Russian President Vladimir Putin applauds as he attends the opening ceremony of the Night Hockey League gala-match at the Bolshoy Ice Dome in Sochi, on May 10, 2021.

Russian President Vladimir Putin applauds as he attends the opening ceremony of the Night Hockey League gala-match at the Bolshoy Ice Dome in Sochi, on May 10, 2021. ALEXEY DRUZHININ/Sputnik/AFP via Getty Images

Russia’s Latest Hack Shows How Useful ‘Criminal Groups’ Are to the Kremlin

Russian coders have little choice but to work with their government, which in turn denies any knowledge of their activities. That’s why hacking activity shows no sign of slowing.

The Russian criminals who orchestrated the SolarWinds hack have gained access to a USAID online-marketing account, enabling the group to send official-looking emails to a new swath of potential victims, Microsoft said Friday. Russian officials quickly denied involvement — but analysts say that just illustrates how the Kremlin uses ostensibly private groups to create deniability, a problem likely to continue. 

The group, Nobelium, gained access to USAID’s account with Constant Contact, an online marketing company, wrote Tom Burt, Microsoft’s vice president for customer security & trust, in a blog post. Impersonating USAID senders, the group was able to send malware-linked email to some 3,000 email addresses in 150 organizations. 

“Nobelium, originating from Russia, is the same actor behind the attacks on SolarWinds customers in 2020. These attacks appear to be a continuation of multiple efforts by Nobelium to target government agencies involved in foreign policy as part of intelligence gathering efforts,” Burt wrote. 

The White House has attributed the SolarWinds hack to the Russian government—specifically the SVR, a foreign intelligence service descended from the KGB—and levied sanctions in response. But the Kremlin has denied any involvement. It did so again on Friday in response to the USAID hack. 

The use of criminal groups as a cover for state-backed hacks has long been a hallmark of Russian intelligence and influence operations. Since 2016, it’s only gotten worse, Russian independent investigative journalist Andrei Soldatov told Defense One.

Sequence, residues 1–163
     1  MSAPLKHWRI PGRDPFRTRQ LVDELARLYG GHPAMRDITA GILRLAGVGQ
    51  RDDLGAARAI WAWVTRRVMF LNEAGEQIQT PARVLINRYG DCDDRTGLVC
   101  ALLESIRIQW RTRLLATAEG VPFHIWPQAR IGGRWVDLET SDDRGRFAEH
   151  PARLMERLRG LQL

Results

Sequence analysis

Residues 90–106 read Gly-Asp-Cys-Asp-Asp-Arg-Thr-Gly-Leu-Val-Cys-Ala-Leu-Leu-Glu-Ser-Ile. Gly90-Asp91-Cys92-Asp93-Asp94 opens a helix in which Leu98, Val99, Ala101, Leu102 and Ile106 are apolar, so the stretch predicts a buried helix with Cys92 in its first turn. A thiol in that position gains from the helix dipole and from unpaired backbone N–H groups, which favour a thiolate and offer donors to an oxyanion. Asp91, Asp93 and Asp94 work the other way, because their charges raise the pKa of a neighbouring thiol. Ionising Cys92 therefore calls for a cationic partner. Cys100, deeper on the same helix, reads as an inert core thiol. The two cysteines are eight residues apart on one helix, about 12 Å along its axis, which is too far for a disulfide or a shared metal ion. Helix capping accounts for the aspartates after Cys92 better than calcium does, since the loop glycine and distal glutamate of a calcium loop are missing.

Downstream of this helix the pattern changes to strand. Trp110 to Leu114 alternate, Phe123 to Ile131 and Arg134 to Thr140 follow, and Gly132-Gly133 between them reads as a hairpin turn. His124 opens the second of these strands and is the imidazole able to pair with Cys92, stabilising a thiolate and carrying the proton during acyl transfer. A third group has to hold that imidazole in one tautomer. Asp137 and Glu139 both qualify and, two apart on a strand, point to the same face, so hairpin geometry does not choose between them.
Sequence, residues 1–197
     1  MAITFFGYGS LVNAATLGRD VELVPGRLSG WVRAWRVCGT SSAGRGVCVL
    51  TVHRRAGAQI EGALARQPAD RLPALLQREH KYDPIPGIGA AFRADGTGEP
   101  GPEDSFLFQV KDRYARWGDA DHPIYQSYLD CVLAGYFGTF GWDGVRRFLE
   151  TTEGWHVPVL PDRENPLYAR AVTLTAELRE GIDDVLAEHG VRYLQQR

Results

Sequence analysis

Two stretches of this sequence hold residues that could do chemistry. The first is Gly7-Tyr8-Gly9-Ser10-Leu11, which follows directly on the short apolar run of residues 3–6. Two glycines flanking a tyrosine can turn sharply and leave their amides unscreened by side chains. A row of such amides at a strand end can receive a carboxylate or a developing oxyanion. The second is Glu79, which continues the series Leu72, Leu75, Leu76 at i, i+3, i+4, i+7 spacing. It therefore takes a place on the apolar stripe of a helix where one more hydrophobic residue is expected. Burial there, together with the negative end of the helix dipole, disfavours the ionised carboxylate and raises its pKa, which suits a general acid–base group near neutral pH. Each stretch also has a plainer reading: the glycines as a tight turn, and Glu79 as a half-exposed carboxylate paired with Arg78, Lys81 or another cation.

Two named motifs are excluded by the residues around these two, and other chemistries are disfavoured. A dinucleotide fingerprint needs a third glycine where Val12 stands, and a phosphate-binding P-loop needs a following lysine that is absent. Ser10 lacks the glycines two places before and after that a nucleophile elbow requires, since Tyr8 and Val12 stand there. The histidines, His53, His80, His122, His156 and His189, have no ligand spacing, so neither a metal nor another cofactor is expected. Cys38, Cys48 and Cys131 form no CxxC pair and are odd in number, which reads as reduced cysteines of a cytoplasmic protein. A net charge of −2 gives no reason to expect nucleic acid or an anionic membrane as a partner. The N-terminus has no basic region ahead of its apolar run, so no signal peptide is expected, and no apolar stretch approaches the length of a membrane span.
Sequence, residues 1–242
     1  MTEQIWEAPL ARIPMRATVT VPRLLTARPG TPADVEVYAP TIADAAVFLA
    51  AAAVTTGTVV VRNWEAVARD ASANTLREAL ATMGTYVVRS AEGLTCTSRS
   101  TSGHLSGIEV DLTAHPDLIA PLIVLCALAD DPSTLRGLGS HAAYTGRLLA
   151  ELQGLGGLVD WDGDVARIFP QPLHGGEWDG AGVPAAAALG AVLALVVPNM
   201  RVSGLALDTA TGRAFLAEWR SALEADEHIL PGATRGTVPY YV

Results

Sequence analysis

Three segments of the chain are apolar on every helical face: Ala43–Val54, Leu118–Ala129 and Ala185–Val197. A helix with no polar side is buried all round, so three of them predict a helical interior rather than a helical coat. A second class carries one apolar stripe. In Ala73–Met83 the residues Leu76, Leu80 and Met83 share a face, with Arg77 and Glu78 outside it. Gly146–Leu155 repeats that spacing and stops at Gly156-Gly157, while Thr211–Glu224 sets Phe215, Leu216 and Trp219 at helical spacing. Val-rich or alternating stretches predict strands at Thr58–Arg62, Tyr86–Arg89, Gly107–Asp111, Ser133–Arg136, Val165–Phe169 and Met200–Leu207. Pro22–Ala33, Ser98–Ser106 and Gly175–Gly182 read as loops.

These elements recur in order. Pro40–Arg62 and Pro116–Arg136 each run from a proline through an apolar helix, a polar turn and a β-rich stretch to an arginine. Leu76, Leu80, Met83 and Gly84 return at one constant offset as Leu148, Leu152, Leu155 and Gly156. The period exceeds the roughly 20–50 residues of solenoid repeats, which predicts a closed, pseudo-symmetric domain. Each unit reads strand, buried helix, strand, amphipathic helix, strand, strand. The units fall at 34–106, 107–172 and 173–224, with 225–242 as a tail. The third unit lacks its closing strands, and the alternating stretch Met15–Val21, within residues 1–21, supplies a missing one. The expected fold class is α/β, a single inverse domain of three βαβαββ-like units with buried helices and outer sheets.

The reasons for that are self-fulfilling, said Soldatov. Russia boasts a number of highly skilled computer scientists and coders who run software companies. But the market for Russian software internationally is very thin, in large part because potential customers assume that such companies have to work with the Russian government, which would mean potentially using software developed in partnership with an adversarial nation.. The clearest example is Kaspersky, which was once a shining example of Russian success in tech. It was forced to shut down its Washington, D.C., office in 2017 because it could no longer work with the U.S. government. Private companies followed the government’s lead and spurned the company. 

For Russian software makers, Soldatov said, their government has become the best, and even the only, source of revenue.

So how do groups like Nobelium, or DarkSide, the Russian criminal group behind the Colonial Pipeline hack, arise? Says Soldatov, the members of such “criminal groups” very often have day jobs in Russian software companies. The Russian government subcontracts with individuals to hack Western targets. Often that subcontract is joined by a more conventional contract for the company for more benign products or services. 

“You might have a company which is famous for writing software for defense, really good at DDoS prevention, right? That means they’re probably good at it,” said Soldatov. So Russian intelligence agencies can approach someone at that company and say “Look, there's a really good contract for you. Maybe you can help us with something? But it's kind of secret, off the books.” 

In this way, the Russian government has become the only market for Russian coders. It’s part of the reason Russian coders who aren’t formally part of the military get caught up in Russian hacking campaigns and find themselves sanctioned or indicted by the U.S. Justice Department. And Russian coders, he said, aren’t afraid of being extradited to the United States. They’re much more afraid of the Russian government. 

Countries may complain to the Russian government about the actions of such criminal groups, through the three-year-old National Coordination Center for Computer Incidents. But since it’s run by the Russian FSB, it’s something like complaining to the local wolf about someone stealing your sheep. No one takes it seriously, said Soldatov.

U.S. lawmakers have been casting about for ways to deter these officially unofficial hackers.

“Tolerating criminal activity within your borders should be a punishable offense. And my guess is not a sparrow falls in Russia that Putin doesn't know about,” Sen. Angus King, I-Maine, said during a Defense One-NextGov event on Thursday. 

King urged passage of the Cyber Diplomacy Act currently before the Senate. The bill would lead to the “creation of a bureau in the Department of State, headed by an ambassadorial-level person...confirmed by the Senate, whose responsibility is to represent the United States and work toward the establishment of international norms and standards.” He said this would allow the U.S. government to better work with other governments to dish out penalties for hacking behavior. 

“If somebody's a cyber criminal in Russia, I want them to not be able to visit Monte Carlo or Paris as well as Miami and New York,” he said.